blossfeldiana Poelln., are produced from seed and are intended for mass
market sales. The plants require short days for flower induction. The colors
of MSK-1, 2, and 4 are orange scarlet, hot pink, and apricot-yellow,
respectively. The individual flowers have a spread of 17 mm, and the natural
flowering time is December through April in the United States.
Rhodohypoxis bourii (Bak.) Nel., known as the Starlet Flower, is native
to South Africa and hardy only into zone 8. Grown from rhizomes, it has been
used as a rock garden plant. It is suitable as an attractive spring pot plant,
ready for sale 5 to 6 weeks from potting. The flower colors range from white,
pale pink to red, and the flowers, each comprising 6 petals, meet at the center
with no eye. The slender stems produce a succession of 2 cm flowers. The
plants can be enjoyed as a patio subject or planted out in the garden, but
should be removed before freezing temperatures are experienced. The rhizomes
can reflower after 8 to 10 weeks of storage at 4°C (Bay City Flower Co.
pers. commun.). Production of this crop is still somewhat hampered by the
limited number of rhizomes available each year.
'Lady in Red' salvia, an All-America Selections Flower Award Winner for 1992,
is derived from Salvia coccinea Juss. ex J. Murr., sometimes called
Texas sage. The bright red flowers, which attract humming birds and
butterflies, are borne in loose whorls along a spike above the foliage. Mature
plant height is 60 cm. 'Lady in Red' can be produced as a flowering bedding
plant, using the same culture as for Salvia splendens F. Sellow ex Roem.
& Schult (Sutherland 1991). Crop time from sowing to initial bloom is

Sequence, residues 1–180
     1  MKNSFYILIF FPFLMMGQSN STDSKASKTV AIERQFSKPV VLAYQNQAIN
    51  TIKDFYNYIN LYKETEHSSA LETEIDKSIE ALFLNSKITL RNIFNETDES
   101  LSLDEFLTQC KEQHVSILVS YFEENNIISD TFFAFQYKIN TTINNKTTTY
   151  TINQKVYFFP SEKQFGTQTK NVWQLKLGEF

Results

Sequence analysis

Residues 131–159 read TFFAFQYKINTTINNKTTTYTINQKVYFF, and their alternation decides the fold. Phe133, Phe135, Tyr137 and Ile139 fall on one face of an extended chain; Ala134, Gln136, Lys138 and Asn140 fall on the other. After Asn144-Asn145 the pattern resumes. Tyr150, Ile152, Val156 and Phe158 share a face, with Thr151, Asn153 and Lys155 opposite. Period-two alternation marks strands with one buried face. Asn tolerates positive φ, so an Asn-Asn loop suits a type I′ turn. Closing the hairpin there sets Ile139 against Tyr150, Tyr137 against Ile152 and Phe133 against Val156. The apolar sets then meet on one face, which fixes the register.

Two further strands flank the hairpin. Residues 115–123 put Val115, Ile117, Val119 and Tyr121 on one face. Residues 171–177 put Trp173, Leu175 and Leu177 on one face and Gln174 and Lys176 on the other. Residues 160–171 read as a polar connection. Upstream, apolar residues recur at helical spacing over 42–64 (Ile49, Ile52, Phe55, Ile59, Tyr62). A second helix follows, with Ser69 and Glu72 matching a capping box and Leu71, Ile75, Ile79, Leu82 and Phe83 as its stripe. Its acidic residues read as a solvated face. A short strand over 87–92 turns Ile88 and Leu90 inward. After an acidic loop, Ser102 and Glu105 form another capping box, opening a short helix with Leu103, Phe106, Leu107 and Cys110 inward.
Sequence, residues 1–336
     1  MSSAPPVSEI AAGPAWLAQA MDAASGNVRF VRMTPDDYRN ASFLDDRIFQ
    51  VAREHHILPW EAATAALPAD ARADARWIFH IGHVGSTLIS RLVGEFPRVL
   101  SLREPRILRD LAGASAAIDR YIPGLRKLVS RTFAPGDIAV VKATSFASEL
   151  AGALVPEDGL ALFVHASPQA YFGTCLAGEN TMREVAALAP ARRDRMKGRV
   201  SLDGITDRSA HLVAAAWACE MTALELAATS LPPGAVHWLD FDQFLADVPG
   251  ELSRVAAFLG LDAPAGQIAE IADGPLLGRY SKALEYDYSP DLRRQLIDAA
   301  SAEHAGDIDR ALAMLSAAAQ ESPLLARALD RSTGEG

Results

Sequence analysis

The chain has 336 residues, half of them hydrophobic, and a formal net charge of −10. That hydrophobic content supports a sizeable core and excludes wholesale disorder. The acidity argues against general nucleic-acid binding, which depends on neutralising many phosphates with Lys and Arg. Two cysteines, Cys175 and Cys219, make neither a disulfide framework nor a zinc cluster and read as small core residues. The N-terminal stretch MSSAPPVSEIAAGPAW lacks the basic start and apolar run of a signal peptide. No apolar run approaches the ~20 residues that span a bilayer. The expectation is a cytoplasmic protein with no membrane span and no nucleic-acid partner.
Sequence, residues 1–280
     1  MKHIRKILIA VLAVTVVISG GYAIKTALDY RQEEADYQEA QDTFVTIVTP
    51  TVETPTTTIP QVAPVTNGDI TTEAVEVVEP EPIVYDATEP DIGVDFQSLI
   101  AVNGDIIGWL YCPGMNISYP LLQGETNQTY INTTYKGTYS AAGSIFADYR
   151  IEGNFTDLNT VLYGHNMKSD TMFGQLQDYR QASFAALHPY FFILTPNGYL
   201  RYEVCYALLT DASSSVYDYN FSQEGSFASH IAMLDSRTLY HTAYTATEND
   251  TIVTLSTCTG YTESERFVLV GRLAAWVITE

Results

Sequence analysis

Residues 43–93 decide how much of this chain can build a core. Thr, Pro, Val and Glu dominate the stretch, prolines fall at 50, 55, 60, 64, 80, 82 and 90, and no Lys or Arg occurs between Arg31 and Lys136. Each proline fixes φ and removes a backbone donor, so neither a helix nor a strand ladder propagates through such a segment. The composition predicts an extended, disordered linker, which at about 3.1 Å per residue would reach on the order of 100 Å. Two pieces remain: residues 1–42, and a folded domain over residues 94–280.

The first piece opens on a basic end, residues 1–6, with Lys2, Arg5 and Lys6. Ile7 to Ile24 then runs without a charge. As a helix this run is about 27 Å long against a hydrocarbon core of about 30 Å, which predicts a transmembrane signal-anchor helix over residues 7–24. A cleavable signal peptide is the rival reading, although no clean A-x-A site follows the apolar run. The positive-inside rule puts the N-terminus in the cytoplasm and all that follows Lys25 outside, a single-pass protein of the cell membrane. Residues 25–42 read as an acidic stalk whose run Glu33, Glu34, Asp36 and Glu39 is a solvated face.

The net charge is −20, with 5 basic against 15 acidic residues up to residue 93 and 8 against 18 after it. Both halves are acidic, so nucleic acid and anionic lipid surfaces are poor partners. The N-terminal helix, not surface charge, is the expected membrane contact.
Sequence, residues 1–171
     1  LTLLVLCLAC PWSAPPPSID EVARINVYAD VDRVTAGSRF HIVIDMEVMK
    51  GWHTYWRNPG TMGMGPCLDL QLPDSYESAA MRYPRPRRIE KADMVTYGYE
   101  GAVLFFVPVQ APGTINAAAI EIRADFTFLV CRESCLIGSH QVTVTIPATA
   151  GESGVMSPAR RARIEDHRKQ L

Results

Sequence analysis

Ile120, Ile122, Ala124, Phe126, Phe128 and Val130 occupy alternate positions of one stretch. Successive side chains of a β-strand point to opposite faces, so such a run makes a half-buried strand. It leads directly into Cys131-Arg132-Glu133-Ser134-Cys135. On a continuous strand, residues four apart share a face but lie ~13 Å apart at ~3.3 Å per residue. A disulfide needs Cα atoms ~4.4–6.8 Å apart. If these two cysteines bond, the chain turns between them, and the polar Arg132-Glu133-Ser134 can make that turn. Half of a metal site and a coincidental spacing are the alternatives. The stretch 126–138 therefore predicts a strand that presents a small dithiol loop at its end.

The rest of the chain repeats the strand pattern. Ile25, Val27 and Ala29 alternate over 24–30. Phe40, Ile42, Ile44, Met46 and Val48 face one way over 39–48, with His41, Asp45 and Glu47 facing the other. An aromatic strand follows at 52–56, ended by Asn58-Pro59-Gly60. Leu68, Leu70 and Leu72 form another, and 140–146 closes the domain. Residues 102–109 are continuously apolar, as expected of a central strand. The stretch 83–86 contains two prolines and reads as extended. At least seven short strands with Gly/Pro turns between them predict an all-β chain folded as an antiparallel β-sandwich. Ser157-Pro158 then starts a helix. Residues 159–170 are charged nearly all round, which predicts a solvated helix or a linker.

about 10 to 12 weeks, and the plants will flower all summer long.
Steirodiscus x 'Gold Rush' has a beautiful yellow, daisy-like flower
about 2.5 cm in diameter. In full bloom, the flowers cover the entire plant
which grows to 12 to 18 cm in height (Hamrick 1989). It is produced from seed
and will grow well at 15° to 21°C. The plants, however, require a cool
night temperature of 2° to 5°C and 15°C days to flower. Temperatures
over 26°C will result in poor growth and shorten the bloom period. In
general, the crop time is 12 weeks (American Takii Inc. pers. commun.).
A double flowered form of Trillium grandiflorum (Michx.) Salisb. ('Flore
Pleno') (Fig. 4) is quite rare as a commercial item. The single flowered type
at one time was forced as a pot plant, but went out of style. Now, with the
renewed interest in wildflowers in the landscape, such items have become
popular again. The plants, however, are now protected in some states and
cannot be dug from the wild. The double flowering form can be propagated
vegetatively, but at a premium price. Potted up during the summer previous to
spring sales and stored overwinter, this plant sells itself when in bloom at a
garden center outlet. The double flowers have a good 2 to 3 weeks duration
time which adds to their value for spring sales. The plants can be enjoyed
best, however, if planted as soon as possible into the landscape.
Violet MSV-1 (Fig. 5) is of hybrid derivation from within the wild Viola